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Sunday, 28 February 2016

A year without plastic - the good bits

Trying to avoid single-use plastic for a year is the hardest challenge I have tried. The reason behind this strange decision that we took was this: I wanted to see if today’s highly packaged lifestyle is necessary and beneficial or not.  How uncomfortable would it be to manage without plastic packaging?

For me, the most uncomfortable part of the whole challenge is that it involved my family and not just myself.  When I have set myself challenges before, which I do most years, it has really been only up to me whether or not I succeeded in my challenge. Involving other people is always going to be harder, but it can also seem more rewarding - or at least that's what I feel now, looking back on what we achieved as a family. 

It was at times frustrating, like when I asked at the covered market in Oxford if I could have some cheese without any plastic wrapper - the guy said "yes, of course" then snuck in the plastic wrapping anyway. Uhh!  Like when I carefully look for packaging that seems plastic free - I open up a cardboard box and find that inside the contents are wrapped in plastic. But I'm getting wise to that one now!

So, it wasn't 100% successful.  However, it was certainly not all bad. In one year we’ve ended up with a 2.5kg cat food bag filled with scrunched up plastic.  It weighed 770 grams.  Even though I can’t say we achieved our challenge, we have cut down our packaging enormously. I’m pretty sure I used to produce about that much plastic in a month, never mind a year.

Here’s what I’ve learnt.
1. Living without plastic requires organisation. It’s when I haven’t planned ahead that I’ve had to buy plastic packaged goods. Having a good stock of dry goods, store cupboard ingredients and buying cat food in bulk helps.
2. Plastic avoidance requires making sure you take lunch, snacks and drinks with you when you are out and about (a huge money saver!) I have a stainless steel flask for water and I make a lunch of leftovers, or a couscous or pasta salad in a Tupperware container. For that boredom/comfort eating I take a small pot of dried fruit and nuts, which I buy in bulk from refill outlets such as Wholefoods Market in Cheltenham or SESI in Oxford when I’m passing by that way.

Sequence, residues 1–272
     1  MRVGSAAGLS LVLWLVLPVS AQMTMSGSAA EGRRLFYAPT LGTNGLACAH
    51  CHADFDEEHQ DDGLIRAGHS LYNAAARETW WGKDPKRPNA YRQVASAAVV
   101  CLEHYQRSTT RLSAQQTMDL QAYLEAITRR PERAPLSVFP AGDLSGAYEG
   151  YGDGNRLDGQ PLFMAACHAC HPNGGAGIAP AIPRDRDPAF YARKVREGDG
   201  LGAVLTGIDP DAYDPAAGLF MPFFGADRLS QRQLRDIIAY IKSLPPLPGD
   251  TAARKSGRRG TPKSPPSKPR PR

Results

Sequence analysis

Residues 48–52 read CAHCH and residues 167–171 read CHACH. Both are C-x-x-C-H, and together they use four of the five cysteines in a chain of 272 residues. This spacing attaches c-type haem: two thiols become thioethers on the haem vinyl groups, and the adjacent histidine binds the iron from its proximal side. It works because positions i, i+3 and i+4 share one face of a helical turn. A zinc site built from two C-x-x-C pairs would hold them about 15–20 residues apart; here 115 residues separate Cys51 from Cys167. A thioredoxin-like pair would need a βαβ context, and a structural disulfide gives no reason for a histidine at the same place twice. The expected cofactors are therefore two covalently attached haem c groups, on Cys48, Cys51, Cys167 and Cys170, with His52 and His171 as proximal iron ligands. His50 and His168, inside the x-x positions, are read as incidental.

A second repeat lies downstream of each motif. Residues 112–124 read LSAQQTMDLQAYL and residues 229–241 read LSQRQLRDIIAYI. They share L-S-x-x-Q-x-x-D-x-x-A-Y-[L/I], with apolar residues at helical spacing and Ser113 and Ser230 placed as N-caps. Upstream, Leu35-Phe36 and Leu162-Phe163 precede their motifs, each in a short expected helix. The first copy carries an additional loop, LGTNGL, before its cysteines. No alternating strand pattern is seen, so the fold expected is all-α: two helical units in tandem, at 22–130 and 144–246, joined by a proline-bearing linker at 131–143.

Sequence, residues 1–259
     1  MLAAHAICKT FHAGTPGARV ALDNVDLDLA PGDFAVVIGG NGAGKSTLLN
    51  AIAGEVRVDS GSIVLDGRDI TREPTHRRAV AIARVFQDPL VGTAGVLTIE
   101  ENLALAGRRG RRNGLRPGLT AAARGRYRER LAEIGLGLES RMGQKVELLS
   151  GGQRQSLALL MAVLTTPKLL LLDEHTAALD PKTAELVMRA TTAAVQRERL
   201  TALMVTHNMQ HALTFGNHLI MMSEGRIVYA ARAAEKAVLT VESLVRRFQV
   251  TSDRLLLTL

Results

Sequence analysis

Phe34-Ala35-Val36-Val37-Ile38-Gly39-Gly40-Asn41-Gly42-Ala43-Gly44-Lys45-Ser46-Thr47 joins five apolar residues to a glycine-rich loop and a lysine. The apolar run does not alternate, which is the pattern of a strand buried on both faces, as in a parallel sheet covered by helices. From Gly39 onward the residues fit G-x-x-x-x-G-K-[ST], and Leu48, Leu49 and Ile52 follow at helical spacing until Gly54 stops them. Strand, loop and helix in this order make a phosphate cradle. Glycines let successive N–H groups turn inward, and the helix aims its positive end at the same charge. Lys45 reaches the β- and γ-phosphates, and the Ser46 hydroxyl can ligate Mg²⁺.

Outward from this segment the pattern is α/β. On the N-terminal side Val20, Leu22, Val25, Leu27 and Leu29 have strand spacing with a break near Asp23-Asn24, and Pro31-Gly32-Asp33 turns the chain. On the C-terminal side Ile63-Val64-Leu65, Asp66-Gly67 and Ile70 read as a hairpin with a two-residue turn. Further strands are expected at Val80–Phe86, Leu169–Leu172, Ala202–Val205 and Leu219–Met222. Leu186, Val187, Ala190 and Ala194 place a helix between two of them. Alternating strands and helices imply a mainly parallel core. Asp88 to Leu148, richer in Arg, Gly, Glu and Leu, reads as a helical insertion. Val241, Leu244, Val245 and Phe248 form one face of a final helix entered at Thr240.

3. I bake my own bread, cakes, biscuits and oatcakes. Much tastier than anything shop-bought.
4. I cut out crisps, sweets and other plastic wrapped snacks. For me crisps were the hardest challenge, but finding other snacks like nuts, olives, roasted giant corn and dried fruit has helped. Much healthier!
5. Going plastic free gets easier as you learn how and where to shop. At first I thought I was spending more money, but now I’ve learnt where to shop, I save money.
6.Fresh fruit and vegetables are easily found. Sainsbury’s and Waitrose have plenty of loose fruit and veg, and Coop has some availability. I'm sure other supermarkets are the same. However, the best place I found was a local green grocer - the traditional kind - my local is Alan’s Orchard in Carterton and it really is excellent.
7. I buy good local meat and eggs, unpackaged (as you can take your own tubs/reuse your egg-boxes) at my local Butcher's - Patrick Strainge in Bampton.  If you are in the area - don't miss it! It is well-known for its award winning sausages. They also have wonderful pasties, sausage rolls and that sort of thing, which we've used as a way of keeping our holiday travel plastic free.  We have just taken a big tub with a clip lid with us on the day of departure (or the day before) and filled it with goodies.  Much nicer than anything I've ever had from a plastic packet.

So that's the good bits. What about the bad bits? Cheese, cucumber and peas unpackaged? Forget it. Way too stressful!